Clostridium perfringens: The facts

Clostridium perfringens.
Clostridium perfringens. Credit: FoodSafety.gov

Clostridium perfringens is a bacteria which causes food poisoning.

Cooking kills the growing C. perfringens cells that cause food poisoning, but not necessarily the spores that can grow into new cells. If cooked food is not served quickly or refrigerated, the spores can grow and create new cells.

These bacteria live between 40-140F (the “Danger Zone”). This means that they develop quickly at room temperature, but they cannot grow at refrigerator or freezer temperatures.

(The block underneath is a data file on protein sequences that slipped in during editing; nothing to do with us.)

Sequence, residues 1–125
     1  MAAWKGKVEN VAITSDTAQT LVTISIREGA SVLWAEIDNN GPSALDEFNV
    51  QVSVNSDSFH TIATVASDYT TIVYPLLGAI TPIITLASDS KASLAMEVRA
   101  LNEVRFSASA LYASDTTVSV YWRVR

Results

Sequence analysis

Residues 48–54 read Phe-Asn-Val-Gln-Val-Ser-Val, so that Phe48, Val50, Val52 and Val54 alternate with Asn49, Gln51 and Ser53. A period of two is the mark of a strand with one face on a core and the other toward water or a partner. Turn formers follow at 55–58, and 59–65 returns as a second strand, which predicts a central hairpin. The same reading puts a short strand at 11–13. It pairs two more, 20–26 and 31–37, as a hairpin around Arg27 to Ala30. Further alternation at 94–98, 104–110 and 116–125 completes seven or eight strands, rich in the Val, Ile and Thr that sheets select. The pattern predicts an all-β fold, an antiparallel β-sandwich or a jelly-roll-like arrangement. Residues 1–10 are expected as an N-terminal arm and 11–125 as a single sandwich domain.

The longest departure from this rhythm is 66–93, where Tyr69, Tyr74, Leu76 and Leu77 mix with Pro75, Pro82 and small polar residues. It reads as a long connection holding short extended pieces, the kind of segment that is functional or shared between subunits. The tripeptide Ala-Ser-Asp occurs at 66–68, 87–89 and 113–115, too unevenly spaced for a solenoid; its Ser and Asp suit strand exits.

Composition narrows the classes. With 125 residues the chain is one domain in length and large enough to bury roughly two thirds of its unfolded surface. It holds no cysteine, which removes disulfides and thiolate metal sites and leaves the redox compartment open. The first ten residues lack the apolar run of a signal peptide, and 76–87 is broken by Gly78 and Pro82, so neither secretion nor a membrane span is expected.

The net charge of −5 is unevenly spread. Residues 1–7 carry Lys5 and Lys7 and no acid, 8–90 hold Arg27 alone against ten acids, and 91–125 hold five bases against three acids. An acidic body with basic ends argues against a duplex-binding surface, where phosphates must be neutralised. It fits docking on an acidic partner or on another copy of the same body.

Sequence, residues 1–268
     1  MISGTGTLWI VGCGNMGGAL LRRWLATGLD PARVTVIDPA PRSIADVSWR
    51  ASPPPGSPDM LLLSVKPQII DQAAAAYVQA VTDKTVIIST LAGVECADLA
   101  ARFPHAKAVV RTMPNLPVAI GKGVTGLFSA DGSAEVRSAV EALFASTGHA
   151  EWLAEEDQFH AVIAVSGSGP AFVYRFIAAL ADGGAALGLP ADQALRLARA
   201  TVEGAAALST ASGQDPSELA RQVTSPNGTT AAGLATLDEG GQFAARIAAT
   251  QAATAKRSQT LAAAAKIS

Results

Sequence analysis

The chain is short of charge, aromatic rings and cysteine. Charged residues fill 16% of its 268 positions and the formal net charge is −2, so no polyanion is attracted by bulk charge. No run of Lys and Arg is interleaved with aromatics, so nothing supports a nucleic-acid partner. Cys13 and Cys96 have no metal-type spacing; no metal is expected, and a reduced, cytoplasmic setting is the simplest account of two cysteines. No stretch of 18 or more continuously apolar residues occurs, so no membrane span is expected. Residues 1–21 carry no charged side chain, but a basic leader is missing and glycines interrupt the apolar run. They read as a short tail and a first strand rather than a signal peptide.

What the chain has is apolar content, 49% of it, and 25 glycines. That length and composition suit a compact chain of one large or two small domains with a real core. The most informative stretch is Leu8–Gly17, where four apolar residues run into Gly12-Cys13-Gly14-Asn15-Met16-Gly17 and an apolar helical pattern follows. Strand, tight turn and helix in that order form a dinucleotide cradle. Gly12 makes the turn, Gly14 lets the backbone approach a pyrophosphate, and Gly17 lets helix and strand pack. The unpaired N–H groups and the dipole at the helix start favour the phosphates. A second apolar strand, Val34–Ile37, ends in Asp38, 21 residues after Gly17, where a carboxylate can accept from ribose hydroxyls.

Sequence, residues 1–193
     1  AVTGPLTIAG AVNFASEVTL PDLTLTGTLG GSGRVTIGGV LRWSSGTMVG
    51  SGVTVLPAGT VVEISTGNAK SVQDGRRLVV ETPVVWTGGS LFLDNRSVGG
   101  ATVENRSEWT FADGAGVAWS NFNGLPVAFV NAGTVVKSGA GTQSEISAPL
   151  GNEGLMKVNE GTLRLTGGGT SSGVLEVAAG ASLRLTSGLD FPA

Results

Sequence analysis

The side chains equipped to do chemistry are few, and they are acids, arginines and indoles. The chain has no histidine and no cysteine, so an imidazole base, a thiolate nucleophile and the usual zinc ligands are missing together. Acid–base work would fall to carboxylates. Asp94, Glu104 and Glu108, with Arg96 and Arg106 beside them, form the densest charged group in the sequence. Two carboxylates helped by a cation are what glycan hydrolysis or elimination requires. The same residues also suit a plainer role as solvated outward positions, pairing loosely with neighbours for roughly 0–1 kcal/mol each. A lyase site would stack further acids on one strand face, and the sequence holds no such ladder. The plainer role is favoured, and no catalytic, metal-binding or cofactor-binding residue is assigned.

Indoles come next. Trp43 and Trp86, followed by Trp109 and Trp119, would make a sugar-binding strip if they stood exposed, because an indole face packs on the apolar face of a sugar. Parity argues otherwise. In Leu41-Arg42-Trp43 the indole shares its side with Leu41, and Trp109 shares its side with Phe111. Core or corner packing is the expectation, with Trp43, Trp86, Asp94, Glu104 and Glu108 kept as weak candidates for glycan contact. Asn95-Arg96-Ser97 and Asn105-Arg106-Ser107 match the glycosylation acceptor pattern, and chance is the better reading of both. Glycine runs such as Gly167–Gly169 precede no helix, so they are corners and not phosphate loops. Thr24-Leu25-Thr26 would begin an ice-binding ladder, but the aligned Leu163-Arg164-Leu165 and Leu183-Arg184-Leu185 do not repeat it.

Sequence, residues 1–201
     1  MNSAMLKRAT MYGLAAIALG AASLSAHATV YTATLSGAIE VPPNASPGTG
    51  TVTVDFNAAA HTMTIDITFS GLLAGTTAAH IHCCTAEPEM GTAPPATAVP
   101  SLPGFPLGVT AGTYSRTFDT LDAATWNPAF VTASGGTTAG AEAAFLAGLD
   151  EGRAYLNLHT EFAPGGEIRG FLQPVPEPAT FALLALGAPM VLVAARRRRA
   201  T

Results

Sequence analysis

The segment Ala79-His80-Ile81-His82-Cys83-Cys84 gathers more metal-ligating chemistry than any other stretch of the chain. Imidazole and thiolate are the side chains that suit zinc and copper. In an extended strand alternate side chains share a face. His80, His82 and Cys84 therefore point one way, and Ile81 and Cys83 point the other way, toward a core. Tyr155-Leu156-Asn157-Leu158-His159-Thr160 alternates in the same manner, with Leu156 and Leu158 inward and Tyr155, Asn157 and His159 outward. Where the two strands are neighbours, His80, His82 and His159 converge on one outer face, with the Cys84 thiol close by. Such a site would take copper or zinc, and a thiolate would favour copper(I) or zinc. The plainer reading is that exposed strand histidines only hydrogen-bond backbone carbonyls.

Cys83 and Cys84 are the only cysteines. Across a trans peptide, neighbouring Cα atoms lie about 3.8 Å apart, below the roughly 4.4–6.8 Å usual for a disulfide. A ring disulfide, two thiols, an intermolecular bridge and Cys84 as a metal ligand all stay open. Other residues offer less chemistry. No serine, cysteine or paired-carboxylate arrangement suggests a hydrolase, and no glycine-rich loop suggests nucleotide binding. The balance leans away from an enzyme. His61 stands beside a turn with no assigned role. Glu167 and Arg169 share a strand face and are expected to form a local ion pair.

C. perfringens infections often occur when foods are cooked in large quantities and are then kept warm for a long time before serving. That’s why outbreaks of these infections are often found in hospitals, school canteens, prisons, and nursing homes or events with catered food.

Sources: Beef, poultry and gravies

Incubation period: 6-24 hours

Symptoms: Diarrhoea and abdominal cramps

Who should you do? Drink fluids, rest and visit the doctor

Prevention: Cook food properly, use a food thermometer, keep food hot after cooking, microwave reheated food properly, refrigerate perishable food within a couple of hours and freeze leftovers straightaway.

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